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A mosaic of eyes

Jiang, Ping; Feng, Zuren; Cheng, Yongqiang; Ji, Yuanxiang; Zhu, Jin; Baruch, John; Wang, Xiaonian; Tian, Feng; Hu, Fun


Ping Jiang

Zuren Feng

Yuanxiang Ji

Jin Zhu

John Baruch

Xiaonian Wang

Feng Tian

Fun Hu


Autonomous navigation is a traditional research topic in intelligent robotics and vehicles, which requires a robot to perceive its environment through onboard sensors such as cameras or laser scanners, to enable it to drive to its goal. Most research to date has focused on the development of a large and smart brain to gain autonomous capability for robots. There are three fundamental questions to be answered by an autonomous mobile robot: 1) Where am I going? 2) Where am I? and 3) How do I get there? To answer these basic questions, a robot requires a massive spatial memory and considerable computational resources to accomplish perception, localization, path planning, and control. It is not yet possible to deliver the centralized intelligence required for our real-life applications, such as autonomous ground vehicles and wheelchairs in care centers. In fact, most autonomous robots try to mimic how humans navigate, interpreting images taken by cameras and then taking decisions accordingly. They may encounter the following difficulties.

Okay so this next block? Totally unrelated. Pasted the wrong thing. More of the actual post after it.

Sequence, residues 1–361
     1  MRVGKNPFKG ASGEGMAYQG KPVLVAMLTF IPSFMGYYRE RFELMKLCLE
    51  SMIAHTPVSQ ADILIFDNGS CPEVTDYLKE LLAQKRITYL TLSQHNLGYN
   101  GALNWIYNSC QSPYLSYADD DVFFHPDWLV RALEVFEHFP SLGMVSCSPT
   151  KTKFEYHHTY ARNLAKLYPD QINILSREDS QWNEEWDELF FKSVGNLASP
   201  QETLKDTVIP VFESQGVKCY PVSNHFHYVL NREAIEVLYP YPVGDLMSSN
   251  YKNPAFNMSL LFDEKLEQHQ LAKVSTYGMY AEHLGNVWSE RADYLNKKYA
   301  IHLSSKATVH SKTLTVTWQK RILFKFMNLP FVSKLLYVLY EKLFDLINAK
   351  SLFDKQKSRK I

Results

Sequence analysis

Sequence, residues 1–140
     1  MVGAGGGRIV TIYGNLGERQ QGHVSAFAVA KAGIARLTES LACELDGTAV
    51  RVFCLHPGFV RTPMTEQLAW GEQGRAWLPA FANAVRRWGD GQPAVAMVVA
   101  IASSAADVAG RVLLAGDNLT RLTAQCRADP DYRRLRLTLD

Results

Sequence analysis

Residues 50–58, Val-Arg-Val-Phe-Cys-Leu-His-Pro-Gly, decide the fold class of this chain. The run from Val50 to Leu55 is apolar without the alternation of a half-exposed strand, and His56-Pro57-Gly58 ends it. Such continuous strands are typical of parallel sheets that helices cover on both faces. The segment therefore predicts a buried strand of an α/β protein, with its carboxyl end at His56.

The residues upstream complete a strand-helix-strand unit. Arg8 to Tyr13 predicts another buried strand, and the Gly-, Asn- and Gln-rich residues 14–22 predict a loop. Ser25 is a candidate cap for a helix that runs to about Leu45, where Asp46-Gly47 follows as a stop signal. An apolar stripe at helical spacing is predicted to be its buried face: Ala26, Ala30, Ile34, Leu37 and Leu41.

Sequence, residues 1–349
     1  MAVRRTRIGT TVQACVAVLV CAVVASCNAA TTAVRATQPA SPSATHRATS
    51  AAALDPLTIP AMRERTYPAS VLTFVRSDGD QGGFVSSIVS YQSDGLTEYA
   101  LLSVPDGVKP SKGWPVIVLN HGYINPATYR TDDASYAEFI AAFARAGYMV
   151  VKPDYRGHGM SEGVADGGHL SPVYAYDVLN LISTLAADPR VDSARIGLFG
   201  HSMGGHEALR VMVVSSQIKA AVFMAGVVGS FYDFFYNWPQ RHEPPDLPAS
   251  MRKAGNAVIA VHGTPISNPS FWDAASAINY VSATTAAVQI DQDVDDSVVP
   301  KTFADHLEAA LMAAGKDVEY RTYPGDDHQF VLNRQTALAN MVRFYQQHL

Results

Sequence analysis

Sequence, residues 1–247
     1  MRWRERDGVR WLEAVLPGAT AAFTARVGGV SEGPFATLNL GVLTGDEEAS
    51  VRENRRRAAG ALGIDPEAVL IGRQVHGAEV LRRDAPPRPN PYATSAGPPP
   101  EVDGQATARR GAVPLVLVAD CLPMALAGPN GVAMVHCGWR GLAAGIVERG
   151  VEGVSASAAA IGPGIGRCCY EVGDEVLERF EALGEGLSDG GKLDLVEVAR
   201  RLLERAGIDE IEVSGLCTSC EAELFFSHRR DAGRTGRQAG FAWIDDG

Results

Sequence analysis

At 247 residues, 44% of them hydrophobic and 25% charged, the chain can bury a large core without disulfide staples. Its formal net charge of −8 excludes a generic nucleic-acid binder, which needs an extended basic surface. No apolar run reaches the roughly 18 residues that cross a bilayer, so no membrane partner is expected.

Jiang, P., Feng, Z., Cheng, Y., Ji, Y., Zhu, J., Baruch, J., …Hu, F. (2011). A mosaic of eyes. IEEE Robotics and Automation Magazine, 18(3), 104-113.

Publication Date Sep 13, 2011
Deposit Date Nov 13, 2014
Publicly Available Date Oct 27, 2022
Journal IEEE robotics & automation magazine
Print ISSN 1070-9932
Publisher Institute of Electrical and Electronics Engineers
Peer Reviewed Peer Reviewed
Volume 18
Issue 3
Pages 104-113
Keywords Navigation; Intelligent robots; Intelligent vehicles; Path planning; Mobile robots
Public URL
Publisher URL
Additional Information Author's accepted manuscript of article published in: IEEE robotics & automation magazine, 2011, v.18, issue 3


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